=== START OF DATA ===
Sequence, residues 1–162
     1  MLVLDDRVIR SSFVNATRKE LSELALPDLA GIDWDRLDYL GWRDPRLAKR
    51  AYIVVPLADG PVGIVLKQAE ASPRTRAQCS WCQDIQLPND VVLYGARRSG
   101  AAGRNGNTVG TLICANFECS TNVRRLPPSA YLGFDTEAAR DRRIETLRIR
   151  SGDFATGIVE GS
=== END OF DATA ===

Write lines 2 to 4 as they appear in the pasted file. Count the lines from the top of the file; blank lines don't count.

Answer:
     1  MLVLDDRVIR SSFVNATRKE LSELALPDLA GIDWDRLDYL GWRDPRLAKR
    51  AYIVVPLADG PVGIVLKQAE ASPRTRAQCS WCQDIQLPND VVLYGARRSG
   101  AAGRNGNTVG TLICANFECS TNVRRLPPSA YLGFDTEAAR DRRIETLRIR